Contemporary African artists are known for their dynamic and exceptional aesthetic when it comes to conceptual profundity and innovation. They are truly paving the way for the coming generation of artists by revolutionizing the way the political challenges, socio-economic reality, diverse beauty, and rich traditions are portrayed in art.
The following modern African artists are emerging as brilliant, talented people who have shifted the world of creativity with their ideas.
Meschac Gaba debuted his traveling exhibition called the Museum of Contemporary African Art in 1997. The entire project spanned across 12 rooms that connected to form a nomadic experience. It was set up in art institutions all over Europe for five years to bring African art to audiences from all over the world. The whole ‘museum’ was finally purchased and then showcased by Tate Modern in 2013.
His entire piece revolved around different themes. For example, overproduction and excessive food was highlighted in the draft room, while food was also another theme in the Museum Restaurant. Fashion was depicted in the Summer Collection Room. The entire collection incorporated crafts, ceramics, paintings, and multimedia. He used decommissioned bank notes, stones, plaster, plywood, and paint for his piece.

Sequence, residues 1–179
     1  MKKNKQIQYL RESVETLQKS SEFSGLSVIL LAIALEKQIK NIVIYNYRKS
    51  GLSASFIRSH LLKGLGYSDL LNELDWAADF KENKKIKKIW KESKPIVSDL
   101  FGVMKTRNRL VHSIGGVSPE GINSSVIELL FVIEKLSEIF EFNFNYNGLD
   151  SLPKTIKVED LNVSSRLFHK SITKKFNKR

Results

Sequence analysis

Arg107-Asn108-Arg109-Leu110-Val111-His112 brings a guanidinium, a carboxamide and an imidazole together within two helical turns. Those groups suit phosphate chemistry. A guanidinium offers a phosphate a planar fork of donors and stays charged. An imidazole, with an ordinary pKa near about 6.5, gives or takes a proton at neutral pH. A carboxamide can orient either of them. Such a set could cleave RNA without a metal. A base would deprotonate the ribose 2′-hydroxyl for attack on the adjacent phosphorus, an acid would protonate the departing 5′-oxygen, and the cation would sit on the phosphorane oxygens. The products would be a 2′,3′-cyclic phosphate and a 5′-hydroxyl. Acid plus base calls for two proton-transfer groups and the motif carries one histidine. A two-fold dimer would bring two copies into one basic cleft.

Kudzanai Chiurai produced a quite inflammatory picture of Robert Mugabe, the leader of Zimbabwe, with horns while being swallowed by fire. He was exiled from the country for it and is now working out of Johannesburg. He was the first black person to receive the University of Pretoria’s Bachelor of Fine Arts.
He uses multimedia in a dramatic way to challenge and confront the important issues that southern Africa faces due to violence, conflict, corruption in the government, displacement, and xenophobia. Through digital photography, painting, printing, and now film, Chiurai’s work is known to brutal, honest, and tearing through the status quo.
Julie Mehretu was born in Ethiopia and drew paintings on a large scale, taking inspiration from architecture and aerial mapping. Mehretu is known for the calligraphic complexity that paints the dense populations of cities, accelerated growth in urban cities, and modern social networks. Combining Futurism, constructivism, and geometric abstraction, Mehretu is known for compressing place, space, and time together in her artwork. She paints by adding thin, consecutive layers of paint onto a canvas and then finishing off with superimposed, delicate patterns and marks by paint, ink, pen, and pencil.
Modern African artists are revolutionizing creativity because they continue to challenge the status quo of society and art. African artists are bringing attention to the issues, beauty, and tradition of their unique backgrounds and experiences through art.